Professional Standards of Practice
In custody cases, mental health professionals assume various roles, including mediators, evaluators, and therapists. The role of the evaluator, in particular, has been acknowledged as exceptionally challenging and associated with disproportionately high rates of malpractice claims. Recognizing the gravity and complexity of this role, several organizations have issued professional standards to guide and govern the diverse participants involved in divorce and custody proceedings.
For instance, the American Psychological Association (APA) has issued comprehensive guidelines for psychologists engaged in child custody evaluations within divorce cases. These guidelines essentially extend the principles of professional ethics to custody-related matters. They outline the evaluator’s responsibilities, emphasizing the need to clarify the forensic (as opposed to therapeutic) nature of the evaluation to all parties involved, ensuring impartial representation of the child, regardless of who engaged the evaluator’s services, and adhering to current best practices throughout the evaluation process.
Furthermore, the Association of Family and Conciliation Courts has published its own set of standards of practice for child custody evaluations. This document provides more extensive guidance than the APA guidelines, recommending specific areas that evaluators should assess.
The American Academy of Child and Adolescent Psychiatry has gone a step further by offering highly detailed guidelines covering both the evaluation process and the content that should be addressed by custody examiners.
The Process of Conducting Child Custody Evaluations
Child custody evaluations encompass a range of data collection techniques, including psychological testing, interviews, and direct observation of the parties involved. The specific procedures employed can vary depending on the jurisdiction and the examiner’s individual preferences. While some examiners may be retained by one party in the dispute, it is more common for the court to appoint a mental health professional to conduct an impartial evaluation of all parties. Typically, the process commences with the collection of collateral information, encompassing the case’s history, the parents’ financial and employment backgrounds, medical records, and school records.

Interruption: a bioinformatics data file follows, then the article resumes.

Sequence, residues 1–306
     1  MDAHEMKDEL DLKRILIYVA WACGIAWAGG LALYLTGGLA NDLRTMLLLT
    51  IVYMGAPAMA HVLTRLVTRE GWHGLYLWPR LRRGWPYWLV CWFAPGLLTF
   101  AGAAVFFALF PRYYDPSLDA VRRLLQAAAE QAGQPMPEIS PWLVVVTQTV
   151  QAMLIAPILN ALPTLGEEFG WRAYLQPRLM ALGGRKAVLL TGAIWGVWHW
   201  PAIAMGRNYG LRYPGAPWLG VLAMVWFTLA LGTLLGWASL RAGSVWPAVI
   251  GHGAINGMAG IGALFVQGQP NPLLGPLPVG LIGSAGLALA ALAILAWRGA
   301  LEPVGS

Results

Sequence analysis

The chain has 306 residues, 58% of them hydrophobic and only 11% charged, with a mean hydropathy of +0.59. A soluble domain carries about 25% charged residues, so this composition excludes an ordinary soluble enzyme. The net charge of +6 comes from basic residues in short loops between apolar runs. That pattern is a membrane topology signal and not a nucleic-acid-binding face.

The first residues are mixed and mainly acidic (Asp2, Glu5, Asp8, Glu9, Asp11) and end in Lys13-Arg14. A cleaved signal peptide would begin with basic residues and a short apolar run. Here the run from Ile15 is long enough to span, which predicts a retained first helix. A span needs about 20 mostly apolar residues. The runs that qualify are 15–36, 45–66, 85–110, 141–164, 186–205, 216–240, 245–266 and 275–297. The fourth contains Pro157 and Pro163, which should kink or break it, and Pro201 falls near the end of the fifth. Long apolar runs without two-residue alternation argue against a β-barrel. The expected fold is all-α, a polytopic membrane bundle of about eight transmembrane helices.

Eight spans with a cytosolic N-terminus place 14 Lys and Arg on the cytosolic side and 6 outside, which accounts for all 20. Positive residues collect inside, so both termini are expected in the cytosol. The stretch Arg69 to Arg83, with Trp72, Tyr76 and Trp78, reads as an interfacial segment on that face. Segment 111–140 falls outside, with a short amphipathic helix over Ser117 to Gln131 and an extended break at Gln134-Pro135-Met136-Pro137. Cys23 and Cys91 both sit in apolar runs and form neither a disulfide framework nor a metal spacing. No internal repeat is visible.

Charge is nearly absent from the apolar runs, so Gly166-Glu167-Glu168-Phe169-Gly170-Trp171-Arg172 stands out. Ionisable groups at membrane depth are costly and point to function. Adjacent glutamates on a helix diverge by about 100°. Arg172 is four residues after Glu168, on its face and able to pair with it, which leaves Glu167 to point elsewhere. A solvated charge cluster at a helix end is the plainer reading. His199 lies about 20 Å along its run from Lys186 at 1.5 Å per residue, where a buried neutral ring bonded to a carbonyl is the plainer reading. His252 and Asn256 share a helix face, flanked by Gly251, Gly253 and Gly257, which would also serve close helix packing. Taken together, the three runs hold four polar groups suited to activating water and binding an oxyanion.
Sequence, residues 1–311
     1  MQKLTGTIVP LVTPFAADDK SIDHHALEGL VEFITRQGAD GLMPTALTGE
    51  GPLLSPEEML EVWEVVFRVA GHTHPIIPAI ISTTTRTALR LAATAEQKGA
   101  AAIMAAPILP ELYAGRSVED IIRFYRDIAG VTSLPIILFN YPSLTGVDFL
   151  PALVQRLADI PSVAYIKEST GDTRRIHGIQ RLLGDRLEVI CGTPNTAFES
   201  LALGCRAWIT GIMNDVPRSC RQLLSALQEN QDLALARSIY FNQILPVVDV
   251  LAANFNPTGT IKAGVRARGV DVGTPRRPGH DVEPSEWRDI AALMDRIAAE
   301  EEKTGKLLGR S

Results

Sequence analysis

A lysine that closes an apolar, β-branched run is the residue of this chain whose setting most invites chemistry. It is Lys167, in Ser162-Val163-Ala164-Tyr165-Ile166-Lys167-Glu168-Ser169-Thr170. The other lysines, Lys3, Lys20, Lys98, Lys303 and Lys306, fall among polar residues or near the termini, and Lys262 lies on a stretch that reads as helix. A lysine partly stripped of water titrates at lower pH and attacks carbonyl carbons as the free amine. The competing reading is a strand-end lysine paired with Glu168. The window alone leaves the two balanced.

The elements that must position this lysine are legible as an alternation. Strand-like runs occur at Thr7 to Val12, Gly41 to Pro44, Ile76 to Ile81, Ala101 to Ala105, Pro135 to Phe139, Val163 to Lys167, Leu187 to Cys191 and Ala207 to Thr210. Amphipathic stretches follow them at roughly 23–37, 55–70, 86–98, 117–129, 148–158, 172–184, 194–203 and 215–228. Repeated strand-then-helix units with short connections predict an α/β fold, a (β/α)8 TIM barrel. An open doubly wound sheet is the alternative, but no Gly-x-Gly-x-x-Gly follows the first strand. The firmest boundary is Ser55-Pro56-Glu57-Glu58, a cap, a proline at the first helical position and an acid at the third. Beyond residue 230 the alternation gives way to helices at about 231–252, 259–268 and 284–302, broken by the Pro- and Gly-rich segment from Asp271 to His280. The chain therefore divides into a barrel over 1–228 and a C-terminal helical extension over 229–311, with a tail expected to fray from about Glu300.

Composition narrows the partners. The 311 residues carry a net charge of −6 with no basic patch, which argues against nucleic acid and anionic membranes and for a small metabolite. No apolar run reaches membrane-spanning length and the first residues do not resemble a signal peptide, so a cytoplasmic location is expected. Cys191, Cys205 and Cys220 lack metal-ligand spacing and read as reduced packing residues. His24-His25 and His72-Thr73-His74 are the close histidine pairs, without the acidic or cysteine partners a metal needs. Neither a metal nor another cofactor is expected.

Psychological evaluations frequently incorporate psychological tests, although there is no standardized set of tests universally adopted in the field. Surveys of examiners reveal that many include the Minnesota Multiphasic Personality Inventory-2 (MMPI-2) in their assessments of adults. Intelligence measures are commonly administered to both adults and children. Additionally, a substantial number of examiners employ projective tests with both adults and children, some of which are designed specifically for use in child custody evaluations. The use of these instruments, particularly those created exclusively for custody cases, has been subject to scrutiny by various experts, with questions raised regarding their conceptual and theoretical foundations as well as their psychometric validity. Furthermore, the utilization of standard “objective” tests such as the MMPI-2 and intelligence tests has been questioned due to potential ambiguity or indirect relevance to the legal question at hand, such as determining a child’s best interests.
Examiners routinely conduct interviews with the parents and children involved, and they may also interview individuals close to the family who possess pertinent information. The interviews aim to gather information about the parents’ behavioral patterns, strengths, weaknesses in parenting, and current emotional states. Examiners assess the level of commitment and preparation each parent demonstrates in realistically preparing for custody. In-depth information is sought concerning each parent’s relationship with their children, as well as their interactions with the other parent. When interviewing children, the examiner evaluates their relationships with each parent, their present emotional and behavioral well-being, and their social and educational backgrounds. While younger children are typically not asked to express custody preferences, older children may be queried about their living preferences.
Direct observation is often regarded as valuable for providing additional insight into the interactions between the child and parent. For instance, the examiner may oversee a structured task involving the child and parent and evaluate their interaction during the activity. Some examiners opt for naturalistic observations, visiting the home environment to observe how the parent-child relationship functions in that setting.
Research on Divorce and Child Custody Outcomes